The Second Chance Fund can be applied to fund all or partial requests, but all applications will be given equal consideration. Agency members of the American Humane Association click here to to apply for the Second Chance Fund or the Second Chance Katrina Fund.
On the logistics front, UAN is helping to procure much-needed supplies for the State of Louisiana to use in its evacuation and recovery efforts. AVID, our partner in nationwide community microchipping events, provided 2,000 microchips with lifetime registrations; UAN has purchased vital medical supplies for animals coming out of the disaster area in Gonzalez, Louisiana, where we also sent in cages made generously available through PETsMART Charities. We continue to provide support as requested.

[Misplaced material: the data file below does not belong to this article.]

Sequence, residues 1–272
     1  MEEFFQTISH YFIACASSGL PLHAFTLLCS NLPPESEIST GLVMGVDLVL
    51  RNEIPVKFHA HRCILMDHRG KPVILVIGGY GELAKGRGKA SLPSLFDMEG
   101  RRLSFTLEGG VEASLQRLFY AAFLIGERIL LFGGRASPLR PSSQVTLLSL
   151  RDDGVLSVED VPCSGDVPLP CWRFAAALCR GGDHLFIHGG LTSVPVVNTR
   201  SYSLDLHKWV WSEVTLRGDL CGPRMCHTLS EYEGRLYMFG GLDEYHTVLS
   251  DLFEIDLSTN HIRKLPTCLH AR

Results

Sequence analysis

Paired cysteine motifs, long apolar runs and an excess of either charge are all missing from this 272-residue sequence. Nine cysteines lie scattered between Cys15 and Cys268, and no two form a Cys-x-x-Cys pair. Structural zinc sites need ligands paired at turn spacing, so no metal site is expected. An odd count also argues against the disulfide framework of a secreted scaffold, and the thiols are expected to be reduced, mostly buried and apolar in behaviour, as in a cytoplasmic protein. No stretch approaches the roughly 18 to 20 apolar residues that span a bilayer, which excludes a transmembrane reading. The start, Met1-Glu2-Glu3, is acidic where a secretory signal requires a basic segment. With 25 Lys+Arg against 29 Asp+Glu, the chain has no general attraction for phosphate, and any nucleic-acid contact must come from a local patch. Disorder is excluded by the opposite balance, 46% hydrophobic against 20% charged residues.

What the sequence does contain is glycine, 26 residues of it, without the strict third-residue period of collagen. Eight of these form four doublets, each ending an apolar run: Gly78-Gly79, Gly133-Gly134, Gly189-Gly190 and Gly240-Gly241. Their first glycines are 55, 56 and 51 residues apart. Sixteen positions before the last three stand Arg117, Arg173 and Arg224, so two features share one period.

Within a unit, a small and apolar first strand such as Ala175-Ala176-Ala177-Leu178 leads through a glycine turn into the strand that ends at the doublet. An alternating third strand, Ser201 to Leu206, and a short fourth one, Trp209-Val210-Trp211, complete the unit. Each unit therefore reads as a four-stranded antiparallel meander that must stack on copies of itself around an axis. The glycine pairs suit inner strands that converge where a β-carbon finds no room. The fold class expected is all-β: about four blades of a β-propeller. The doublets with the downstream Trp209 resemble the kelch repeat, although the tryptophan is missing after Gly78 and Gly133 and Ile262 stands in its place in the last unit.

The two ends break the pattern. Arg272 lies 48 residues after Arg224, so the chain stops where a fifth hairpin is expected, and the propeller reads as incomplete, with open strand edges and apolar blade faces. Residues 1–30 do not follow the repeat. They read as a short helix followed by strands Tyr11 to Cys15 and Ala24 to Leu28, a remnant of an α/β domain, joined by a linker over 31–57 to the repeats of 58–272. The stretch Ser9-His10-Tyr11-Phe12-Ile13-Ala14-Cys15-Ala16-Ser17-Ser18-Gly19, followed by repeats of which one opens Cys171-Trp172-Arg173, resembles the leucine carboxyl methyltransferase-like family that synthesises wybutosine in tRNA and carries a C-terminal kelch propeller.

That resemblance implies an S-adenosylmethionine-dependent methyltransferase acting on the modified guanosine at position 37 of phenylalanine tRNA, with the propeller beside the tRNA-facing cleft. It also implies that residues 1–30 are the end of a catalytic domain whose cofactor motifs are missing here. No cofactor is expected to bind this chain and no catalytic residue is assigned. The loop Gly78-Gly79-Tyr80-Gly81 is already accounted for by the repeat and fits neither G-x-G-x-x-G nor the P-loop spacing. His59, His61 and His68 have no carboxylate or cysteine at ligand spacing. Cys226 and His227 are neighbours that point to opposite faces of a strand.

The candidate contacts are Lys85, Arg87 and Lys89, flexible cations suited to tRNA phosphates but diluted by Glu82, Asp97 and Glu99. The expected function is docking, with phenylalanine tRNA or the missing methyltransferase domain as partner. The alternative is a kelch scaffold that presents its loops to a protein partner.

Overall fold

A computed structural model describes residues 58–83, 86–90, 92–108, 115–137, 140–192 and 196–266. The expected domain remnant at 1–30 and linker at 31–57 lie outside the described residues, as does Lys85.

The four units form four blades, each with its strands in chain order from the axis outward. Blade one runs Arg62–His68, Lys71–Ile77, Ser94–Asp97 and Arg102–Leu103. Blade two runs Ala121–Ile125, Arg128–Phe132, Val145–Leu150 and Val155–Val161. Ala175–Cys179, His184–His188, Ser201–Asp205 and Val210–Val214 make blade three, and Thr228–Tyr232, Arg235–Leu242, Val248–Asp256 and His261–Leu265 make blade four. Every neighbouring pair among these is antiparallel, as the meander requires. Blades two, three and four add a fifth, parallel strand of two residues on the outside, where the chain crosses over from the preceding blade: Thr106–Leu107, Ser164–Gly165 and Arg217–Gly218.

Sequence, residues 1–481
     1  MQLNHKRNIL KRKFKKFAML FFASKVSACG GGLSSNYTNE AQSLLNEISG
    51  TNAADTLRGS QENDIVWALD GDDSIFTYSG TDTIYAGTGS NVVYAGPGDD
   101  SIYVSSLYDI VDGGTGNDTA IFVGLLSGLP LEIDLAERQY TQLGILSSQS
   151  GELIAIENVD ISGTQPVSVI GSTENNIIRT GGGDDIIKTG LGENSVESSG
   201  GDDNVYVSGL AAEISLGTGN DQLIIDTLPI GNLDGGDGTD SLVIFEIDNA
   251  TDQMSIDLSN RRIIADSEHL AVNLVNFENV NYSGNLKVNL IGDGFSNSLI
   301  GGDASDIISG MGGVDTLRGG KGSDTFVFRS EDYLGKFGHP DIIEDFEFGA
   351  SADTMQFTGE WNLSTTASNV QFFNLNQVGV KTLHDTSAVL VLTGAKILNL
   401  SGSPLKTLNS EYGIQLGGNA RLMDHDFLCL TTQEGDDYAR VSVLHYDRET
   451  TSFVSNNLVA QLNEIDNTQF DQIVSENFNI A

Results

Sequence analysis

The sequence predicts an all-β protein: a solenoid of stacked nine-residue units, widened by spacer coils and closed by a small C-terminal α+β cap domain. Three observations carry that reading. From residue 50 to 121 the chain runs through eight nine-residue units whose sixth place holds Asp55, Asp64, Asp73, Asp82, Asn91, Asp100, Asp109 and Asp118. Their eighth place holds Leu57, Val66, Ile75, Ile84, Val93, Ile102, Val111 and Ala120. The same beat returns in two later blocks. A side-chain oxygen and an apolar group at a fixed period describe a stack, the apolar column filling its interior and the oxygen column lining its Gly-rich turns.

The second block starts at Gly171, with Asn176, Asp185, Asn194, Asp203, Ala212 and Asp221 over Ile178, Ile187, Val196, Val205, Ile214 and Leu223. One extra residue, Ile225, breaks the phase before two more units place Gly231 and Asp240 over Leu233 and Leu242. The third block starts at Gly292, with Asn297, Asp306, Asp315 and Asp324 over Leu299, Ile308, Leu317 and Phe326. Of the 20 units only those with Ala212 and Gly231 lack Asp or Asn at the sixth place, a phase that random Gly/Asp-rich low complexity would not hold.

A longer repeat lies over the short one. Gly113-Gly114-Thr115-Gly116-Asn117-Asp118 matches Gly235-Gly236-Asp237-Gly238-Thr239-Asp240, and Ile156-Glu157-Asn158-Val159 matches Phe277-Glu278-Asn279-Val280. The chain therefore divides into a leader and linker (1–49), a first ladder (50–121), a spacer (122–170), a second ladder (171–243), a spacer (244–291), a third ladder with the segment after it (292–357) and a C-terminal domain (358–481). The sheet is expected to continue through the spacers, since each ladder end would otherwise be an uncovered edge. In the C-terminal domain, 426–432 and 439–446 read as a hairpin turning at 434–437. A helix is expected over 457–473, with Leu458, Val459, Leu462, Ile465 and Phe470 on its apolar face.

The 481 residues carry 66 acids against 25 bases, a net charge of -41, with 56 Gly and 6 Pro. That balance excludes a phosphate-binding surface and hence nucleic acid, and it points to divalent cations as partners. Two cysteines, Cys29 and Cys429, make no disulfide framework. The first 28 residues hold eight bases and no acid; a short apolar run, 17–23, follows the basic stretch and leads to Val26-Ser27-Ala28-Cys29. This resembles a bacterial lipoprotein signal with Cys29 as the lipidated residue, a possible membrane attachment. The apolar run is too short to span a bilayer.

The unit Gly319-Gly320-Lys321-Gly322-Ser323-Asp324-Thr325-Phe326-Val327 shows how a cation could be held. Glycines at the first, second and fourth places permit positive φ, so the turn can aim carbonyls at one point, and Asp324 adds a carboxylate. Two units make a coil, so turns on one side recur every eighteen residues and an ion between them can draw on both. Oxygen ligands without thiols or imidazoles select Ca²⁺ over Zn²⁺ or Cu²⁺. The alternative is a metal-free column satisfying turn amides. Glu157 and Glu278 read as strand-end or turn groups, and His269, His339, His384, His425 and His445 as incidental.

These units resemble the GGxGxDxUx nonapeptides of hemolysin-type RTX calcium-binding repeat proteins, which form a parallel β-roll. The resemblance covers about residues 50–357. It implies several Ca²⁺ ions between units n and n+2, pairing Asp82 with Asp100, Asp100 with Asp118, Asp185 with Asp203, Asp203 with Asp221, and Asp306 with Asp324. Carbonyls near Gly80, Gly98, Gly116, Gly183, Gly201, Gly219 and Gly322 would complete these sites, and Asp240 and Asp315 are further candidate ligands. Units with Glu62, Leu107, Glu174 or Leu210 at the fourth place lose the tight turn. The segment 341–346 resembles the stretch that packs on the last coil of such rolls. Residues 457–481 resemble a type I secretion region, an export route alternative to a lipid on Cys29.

UAN’s partner, Code 3 Associates, is engaged in water rescue operations in the New Orleans area. EARS’ partners at the Ramona-based Emergency Animal Rescue are also involved with a swift-water rescue team in the area. They have brought hundreds of animals from the ravaged New Orleans area to the massive Gonzalez staging area. UAN has also been involved with the collection of thousands of requests from evacuees for their animals to be rescued. Petfinder.com has gone live with a database that aims to fully inventory all rescue requests, sheltered animals and found animals. It is the sincerest hope of all involved with this relief effort that as many families that can be reunited are. The last thing any of these hurricane victims need is the trauma of losing their companions.